Y 2 = X 3 + a X + b.

√ Suppose there exists a prime q > ( 4 N + 1)2 and an afﬁne point P = (x, y) on E(Z/N ) such that q · P = O. Then N is prime. Remark. As in 1.1 we deﬁne E(Z/N ) = p|N E(Z/ p). All calculations are done in Z/N . In contrast to 1.1, here an exceptional case where we encounter a denominator, which is a nonzero noninvertible element of Z/N , will rarely occur in practice, because N is a probable prime. Proof. √Assume that N is not prime. Then there exists a prime divisor p | N with p ≤ N . The natural homomorphism

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Appendix II: Elliptic Curves in Algorithmic Number Theory and Cryptography

E(Z/N ) −→ E(Z/ p) maps P to a point P = (x, ¯ y¯ ) ∈ E(Z/ p) of order q. By the theorem of Hasse (Chap. 13.1, Theorem (1.2)), the order of E(Z/ p) satisﬁes √ √ √ √ 4 4 #E(Z/ p) < p + 1 + 2 p ≤ N + 1 + 2 N = ( N + 1)2 . Therefore it would follow that q > #E(Z/ p), a contradiction! The primality test of Goldwasser/Kilian uses this proposition in the following way: Choose random numbers a, b and determine the order m := #E a,b (Z/N ) by Schoof’s algorithm (cf. 2.6), assuming N is prime. By trial division of m by small primes write m as√m = f · u, where f is the factored and u the unfactored part. If f ≥ 2 and u > ( 4 N + 1)2 , test whether q := u is a probable prime. If this is not the case or if u is not of the required size, start again with new random values a, b. If q is a probable prime, it is in general easy to ﬁnd a point P = (x, y) on E a,b (Z/N ) of order q. Then by the proposition N is prime provided q is prime. Since q ≤ 1/2 #E a,b (Z/N ), this can be tested recursively by the same method. The primality test of Goldwasser/Kilian has expected polynomial running time (polynomial in the number of bits of N ), but still is too slow in practice. Atkin/Morain have devised an improvement which makes this primality test efﬁcient in practice. Instead of choosing random elliptic curves and calculating their order, they construct, using a complex multiplication method, elliptic curves whose order is known a priori. Let −D be the discriminant of an imaginary quadratic number ﬁeld. If N is prime and the equation 4N = t 2 + Ds 2 has an integer solution (t, s), then there exists an elliptic curve E√over the ﬁeld Z/N , whose endomorphism ring is the ring of algebraic integers in Q( −D), and which has m = #E(Z/N ) = N +1±t elements. As above, one can test whether √ m can be written as m = f · q, where q is a probable prime with m/2 ≥ q > ( 4 N + 1)2 . There exists an effective algorithm 2 2 of Cornacchia to decide whether the Diophantic equation * 4N =+ t + Ds is solvable and to ﬁnd a solution in case of existence (of course −D/N = 1 is a necessary condition). The equation of the elliptic curve E can be constructed in the following way: We ﬁrst calculate the j-invariant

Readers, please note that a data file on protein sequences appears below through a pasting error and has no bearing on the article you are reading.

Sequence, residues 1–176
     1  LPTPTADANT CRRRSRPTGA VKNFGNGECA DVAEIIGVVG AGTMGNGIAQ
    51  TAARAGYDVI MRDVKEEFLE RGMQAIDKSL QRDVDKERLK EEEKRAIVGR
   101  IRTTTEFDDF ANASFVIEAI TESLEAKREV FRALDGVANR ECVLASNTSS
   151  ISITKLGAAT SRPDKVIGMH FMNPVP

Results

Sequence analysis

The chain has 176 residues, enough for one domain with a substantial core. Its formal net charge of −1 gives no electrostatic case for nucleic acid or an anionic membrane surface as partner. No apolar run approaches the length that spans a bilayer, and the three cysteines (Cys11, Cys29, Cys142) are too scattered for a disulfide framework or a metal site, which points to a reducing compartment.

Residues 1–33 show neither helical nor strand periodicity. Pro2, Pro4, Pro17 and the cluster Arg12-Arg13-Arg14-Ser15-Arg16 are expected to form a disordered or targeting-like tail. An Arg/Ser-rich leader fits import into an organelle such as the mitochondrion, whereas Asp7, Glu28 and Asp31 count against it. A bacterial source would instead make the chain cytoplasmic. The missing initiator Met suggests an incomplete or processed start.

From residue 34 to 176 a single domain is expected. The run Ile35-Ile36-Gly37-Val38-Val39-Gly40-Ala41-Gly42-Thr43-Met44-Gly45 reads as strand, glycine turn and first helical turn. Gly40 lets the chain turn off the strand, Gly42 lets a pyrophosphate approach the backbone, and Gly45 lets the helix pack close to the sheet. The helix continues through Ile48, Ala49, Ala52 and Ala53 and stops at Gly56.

−D + i √ D j D := j ∈C 2 with sufﬁciently high precision. √ This is an algebraic integer of degree equal to the class number h of the ﬁeld Q( −D). Its conjugates are j (τν ), ν = √ 2, . . . , h, where the lattices Z + Zτν represent the non-principal ideal classes of Q( −D). By calculating also these conjugates of j D , we get its minimal polynomial H D (T ) ∈ Z[T ]. This polynomial, taken modulo N , has at least one zero j0 ∈ Z/N , which is the j-invariant of the elliptic curve E(Z/N ). From this we can calculate the equation of the elliptic curve. Up to isomorphism, there are only two possibilities, except for D = −3 with 6, and D = −4 with 4 isomorphism classes. Incorporating further improvements, the primality test of Atkin/Morain is very efﬁcient and has been used to prove the primality of numbers with more than 1000 decimal digits.